Naylor said that an engagement letter with an auditor would suffice, as long as it showed that the fire company had secured someone for the job.
As the meeting progressed, township and fire company officials clashed over miscommunication and confusion about the stipulations for the release of funds.
Fire officials said they were never told that an engagement letter from an auditor would satisfy the audit stipulation for the release of funds.
Naylor said the fire company could have called the township manager, Dave Gentzler, for clarification if there was uncertainty about the requirements.
Stephen Trott, a trustee with the fire company, told the supervisors that under the fire company's previous leadership, company funds were not well managed, and he said the company is aware and actively making changes to ensure thorough and proper bookkeeping moving forward.
"We're looking back at multiple years and we're committed to fixing this, but it can't be fixed overnight," Trott said.
Trott said he's interviewed several CPA candidates and narrowed it down to one or two people who are interested in taking on the task of getting the fire company's finances in order.
Residents' responses: Jody Hahn, a resident in the eastern part of the township, asked the supervisors to meet the fire company halfway and at least make their $23,000 truck payment.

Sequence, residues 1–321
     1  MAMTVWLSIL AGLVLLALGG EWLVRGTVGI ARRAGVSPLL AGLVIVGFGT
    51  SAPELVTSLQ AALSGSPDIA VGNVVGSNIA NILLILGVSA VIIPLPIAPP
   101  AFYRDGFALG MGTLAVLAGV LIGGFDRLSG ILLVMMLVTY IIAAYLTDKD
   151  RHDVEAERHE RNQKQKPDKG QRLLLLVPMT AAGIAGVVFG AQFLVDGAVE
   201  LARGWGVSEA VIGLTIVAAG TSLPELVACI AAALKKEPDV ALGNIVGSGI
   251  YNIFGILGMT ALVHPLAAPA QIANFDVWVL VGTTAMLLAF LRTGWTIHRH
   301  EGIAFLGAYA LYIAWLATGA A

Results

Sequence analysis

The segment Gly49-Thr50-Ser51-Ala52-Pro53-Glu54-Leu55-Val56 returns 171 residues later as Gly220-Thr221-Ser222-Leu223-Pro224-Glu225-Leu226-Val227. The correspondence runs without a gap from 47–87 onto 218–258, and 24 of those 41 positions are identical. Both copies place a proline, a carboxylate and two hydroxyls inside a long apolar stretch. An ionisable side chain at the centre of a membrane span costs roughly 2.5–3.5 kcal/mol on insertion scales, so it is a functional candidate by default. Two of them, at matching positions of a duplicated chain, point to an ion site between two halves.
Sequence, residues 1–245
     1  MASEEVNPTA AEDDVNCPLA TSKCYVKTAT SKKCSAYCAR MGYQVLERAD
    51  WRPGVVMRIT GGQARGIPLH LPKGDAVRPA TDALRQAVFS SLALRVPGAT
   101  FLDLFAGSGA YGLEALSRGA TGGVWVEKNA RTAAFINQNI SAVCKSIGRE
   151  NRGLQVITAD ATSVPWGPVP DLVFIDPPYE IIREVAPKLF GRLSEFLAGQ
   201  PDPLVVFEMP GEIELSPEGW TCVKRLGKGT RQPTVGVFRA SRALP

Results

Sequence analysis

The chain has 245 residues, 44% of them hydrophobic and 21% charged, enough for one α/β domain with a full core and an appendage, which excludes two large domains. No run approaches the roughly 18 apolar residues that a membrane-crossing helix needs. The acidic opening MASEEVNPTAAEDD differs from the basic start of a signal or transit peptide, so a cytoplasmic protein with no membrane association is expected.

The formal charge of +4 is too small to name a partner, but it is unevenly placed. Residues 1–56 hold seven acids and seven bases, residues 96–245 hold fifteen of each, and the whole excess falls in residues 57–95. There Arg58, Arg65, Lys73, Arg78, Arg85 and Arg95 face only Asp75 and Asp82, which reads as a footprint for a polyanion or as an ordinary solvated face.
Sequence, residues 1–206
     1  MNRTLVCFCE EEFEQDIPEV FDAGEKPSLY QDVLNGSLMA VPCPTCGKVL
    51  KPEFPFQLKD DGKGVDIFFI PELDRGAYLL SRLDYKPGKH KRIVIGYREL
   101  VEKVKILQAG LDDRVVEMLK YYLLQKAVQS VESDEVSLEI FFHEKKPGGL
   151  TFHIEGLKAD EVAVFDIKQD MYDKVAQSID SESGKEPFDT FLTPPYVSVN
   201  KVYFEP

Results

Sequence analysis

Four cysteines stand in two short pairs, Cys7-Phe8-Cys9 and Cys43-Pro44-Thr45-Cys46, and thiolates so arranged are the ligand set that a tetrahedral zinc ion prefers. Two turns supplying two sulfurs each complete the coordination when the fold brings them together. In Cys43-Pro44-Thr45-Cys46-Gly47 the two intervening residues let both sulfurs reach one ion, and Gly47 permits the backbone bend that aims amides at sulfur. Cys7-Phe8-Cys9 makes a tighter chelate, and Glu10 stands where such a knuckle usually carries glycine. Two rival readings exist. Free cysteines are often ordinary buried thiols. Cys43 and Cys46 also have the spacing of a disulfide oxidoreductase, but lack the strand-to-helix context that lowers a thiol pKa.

Hahn said she has three young children, and that if her house were to catch fire and Eagle Fire Co. no longer covered the township, she would have to wait for a fire department from the other side of town to respond.
"I think that would take a lot of pressure off of them, knowing at least their truck payment has been made," she said. "As a resident, I'd feel a little bit more relieved, too, knowing that they have a truck that isn't going to be taken back."
Another resident, Andrew Kehl, raised his hand and explained that he is a CPA and has audited several townships, boroughs and fire companies.
Kehl said auditors are heading into their busy season, roughly January through April, and that it's unlikely the supervisors will receive a complete 2018 audit report from the fire company until the busy season is over.
"I think you are right in saying, 'Find a firm that would provide an engagement letter and at least have that in your hands,'" Kehl said to the supervisors, "but I don't think you're going to get an audit report before the beginning of summer of next year."
Resident Jason Zeidman said he was sympathetic to both sides of the disagreement.
Zeidman said he thought the fire company's request for a truck payment was reasonable, since fire officials had made progress addressing the township's concerns, and he said the township's request for more thorough reporting and transparency from the fire company was also reasonable.
His main concern moving forward, he said, was that the township and the fire company develop a good relationship, keeping in mind that everyone involved has the same goal of keeping the community safe.
"I don't want to see the finger-pointing," Zeidman said. "We've got enough of that in politics."
After the meeting, Bush said he's hopeful the fire company will be able to meet the township's stipulations for the release of the remaining funds before the board of supervisors' December meeting.